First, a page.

Former Arsenal star Andrey Arshavin's model wife is forced to pay Aeroflot thousands after being thrown off This is compounded by the fact that the two main characters do not speak to each other. Their performances work from dance in how they move their bodies and from music in how they manipulate their boards in ways that arouse percussive slaps, clicks, clacks, grinds, and carves upon the metal and concrete that makes a city. The terrifying moment a In this sense, too, Red Shoes , despite its artistic gloss and undeniably creative touches, perhaps remains a conventional horror film, ultimately unable to illuminate the hidden recesses of the female mind. Green Chair represents one of his most successful efforts in doing do.
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Part of the film's attraction comes from the thrill of anticipating when Jeong-hye will break from her routine and reveal her inner turmoil. Non-smokers sometimes cannot abide smokers breath or are allergic to cigarette smoke. Put simply, Ryoo's performance is mesmerizing, and watching him is one of the film's biggest pleasures. Despite his status as a veteran director, Park has always shown a youthful glee in poking at society's sore spots. Shocking moment Egyptian engineering student, 18, is 'threatened and abused by gang of women on a bus' A special treat is the appearance of ultra-cool actress Oh Yun-hong The Power of Kangwon Province as Mun-hee's friend -- the warmth and camaraderie the three characters share is one of the film's key strengths. And such is a life worth living.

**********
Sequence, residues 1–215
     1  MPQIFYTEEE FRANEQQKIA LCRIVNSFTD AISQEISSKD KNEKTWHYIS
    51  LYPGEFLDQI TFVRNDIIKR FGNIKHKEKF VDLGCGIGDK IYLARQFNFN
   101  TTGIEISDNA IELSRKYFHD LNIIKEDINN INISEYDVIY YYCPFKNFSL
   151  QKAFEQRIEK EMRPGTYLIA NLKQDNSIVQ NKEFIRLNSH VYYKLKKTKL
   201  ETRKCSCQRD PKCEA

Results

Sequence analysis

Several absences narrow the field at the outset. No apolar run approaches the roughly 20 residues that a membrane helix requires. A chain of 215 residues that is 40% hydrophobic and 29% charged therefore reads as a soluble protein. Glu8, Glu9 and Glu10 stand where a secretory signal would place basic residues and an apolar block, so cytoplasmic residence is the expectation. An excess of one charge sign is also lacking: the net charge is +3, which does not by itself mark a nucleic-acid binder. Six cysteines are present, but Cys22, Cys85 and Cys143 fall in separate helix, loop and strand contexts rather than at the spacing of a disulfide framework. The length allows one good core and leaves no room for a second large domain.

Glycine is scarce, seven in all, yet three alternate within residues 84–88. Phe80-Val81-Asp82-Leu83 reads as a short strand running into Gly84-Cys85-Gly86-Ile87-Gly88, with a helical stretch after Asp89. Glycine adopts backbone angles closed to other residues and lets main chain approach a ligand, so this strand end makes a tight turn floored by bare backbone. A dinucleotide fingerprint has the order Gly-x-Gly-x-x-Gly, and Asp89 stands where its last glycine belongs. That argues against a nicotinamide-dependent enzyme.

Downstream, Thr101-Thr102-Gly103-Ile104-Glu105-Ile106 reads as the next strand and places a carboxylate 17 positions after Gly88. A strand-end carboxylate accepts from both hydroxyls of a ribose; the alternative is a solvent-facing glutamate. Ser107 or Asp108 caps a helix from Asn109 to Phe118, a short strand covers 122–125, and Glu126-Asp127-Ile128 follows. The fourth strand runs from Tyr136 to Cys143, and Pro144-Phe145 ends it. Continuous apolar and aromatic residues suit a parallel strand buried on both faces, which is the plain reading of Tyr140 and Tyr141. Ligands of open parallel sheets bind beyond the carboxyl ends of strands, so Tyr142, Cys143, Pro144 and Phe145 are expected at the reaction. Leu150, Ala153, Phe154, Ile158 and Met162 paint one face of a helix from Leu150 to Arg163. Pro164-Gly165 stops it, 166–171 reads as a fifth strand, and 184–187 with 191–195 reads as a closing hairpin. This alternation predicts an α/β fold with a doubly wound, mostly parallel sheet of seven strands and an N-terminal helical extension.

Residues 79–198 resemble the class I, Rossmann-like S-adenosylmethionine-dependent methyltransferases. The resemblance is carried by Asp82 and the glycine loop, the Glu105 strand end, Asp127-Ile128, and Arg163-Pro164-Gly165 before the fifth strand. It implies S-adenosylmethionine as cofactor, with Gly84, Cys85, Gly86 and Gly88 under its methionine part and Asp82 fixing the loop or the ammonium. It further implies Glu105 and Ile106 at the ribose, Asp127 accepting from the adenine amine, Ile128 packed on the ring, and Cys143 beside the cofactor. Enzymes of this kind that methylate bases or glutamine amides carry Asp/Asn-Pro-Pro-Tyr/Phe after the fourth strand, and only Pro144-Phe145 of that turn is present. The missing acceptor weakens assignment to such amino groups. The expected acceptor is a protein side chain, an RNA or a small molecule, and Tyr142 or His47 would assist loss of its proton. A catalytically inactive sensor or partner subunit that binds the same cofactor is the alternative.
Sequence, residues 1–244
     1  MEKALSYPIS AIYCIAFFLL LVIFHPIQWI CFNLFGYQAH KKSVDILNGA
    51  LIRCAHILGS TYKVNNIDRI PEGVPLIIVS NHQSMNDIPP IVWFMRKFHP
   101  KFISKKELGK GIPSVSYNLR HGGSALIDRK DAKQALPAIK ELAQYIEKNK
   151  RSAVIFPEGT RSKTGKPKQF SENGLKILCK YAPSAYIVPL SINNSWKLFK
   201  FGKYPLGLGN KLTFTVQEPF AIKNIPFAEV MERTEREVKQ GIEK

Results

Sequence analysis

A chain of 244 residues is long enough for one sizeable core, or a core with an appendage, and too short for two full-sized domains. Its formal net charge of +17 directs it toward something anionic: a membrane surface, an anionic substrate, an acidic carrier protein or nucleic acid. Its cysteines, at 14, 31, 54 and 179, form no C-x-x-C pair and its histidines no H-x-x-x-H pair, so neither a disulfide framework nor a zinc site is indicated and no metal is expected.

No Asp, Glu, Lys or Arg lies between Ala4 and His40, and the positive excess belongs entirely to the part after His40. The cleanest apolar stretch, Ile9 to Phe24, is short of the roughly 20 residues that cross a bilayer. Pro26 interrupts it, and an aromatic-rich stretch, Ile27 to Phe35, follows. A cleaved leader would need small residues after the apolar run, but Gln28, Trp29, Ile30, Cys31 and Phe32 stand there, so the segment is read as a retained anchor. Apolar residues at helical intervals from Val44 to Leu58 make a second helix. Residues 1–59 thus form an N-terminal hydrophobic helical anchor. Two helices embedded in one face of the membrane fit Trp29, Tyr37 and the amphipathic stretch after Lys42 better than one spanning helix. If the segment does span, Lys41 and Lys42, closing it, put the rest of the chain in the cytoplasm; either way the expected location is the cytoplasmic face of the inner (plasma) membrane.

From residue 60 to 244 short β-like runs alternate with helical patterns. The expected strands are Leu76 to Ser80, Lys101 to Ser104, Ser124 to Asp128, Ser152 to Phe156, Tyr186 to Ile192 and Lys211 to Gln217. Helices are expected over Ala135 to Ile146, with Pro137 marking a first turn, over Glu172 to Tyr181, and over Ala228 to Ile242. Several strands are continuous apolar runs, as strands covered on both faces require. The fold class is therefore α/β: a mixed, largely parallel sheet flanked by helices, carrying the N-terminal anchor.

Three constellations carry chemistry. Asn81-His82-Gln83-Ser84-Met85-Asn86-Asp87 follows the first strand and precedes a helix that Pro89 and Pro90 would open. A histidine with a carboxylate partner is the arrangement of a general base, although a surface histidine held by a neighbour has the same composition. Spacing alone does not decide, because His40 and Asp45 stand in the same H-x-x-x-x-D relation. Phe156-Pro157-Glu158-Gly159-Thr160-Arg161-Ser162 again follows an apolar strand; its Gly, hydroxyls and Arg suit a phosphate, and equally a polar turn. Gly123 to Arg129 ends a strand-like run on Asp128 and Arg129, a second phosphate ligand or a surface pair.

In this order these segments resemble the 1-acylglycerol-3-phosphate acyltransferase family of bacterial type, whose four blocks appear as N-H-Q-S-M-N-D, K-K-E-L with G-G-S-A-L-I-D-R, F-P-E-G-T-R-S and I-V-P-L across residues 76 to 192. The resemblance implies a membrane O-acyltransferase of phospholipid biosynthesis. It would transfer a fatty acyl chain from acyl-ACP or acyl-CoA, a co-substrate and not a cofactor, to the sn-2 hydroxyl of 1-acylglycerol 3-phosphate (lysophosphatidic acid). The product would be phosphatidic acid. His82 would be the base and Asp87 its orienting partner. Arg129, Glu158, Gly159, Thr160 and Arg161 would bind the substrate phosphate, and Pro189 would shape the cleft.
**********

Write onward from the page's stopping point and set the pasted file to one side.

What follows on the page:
She described Luke as 'like a chav' who wrote messages to her in 'text-speak'. He never wanted to talk. Nobody had any reason to believe he was not a boy. Barkers web of deceit began to unravel in May when she, as Connor, stayed the night with Jessica. Miss Barker with Hollyoaks star Kieron Richardson.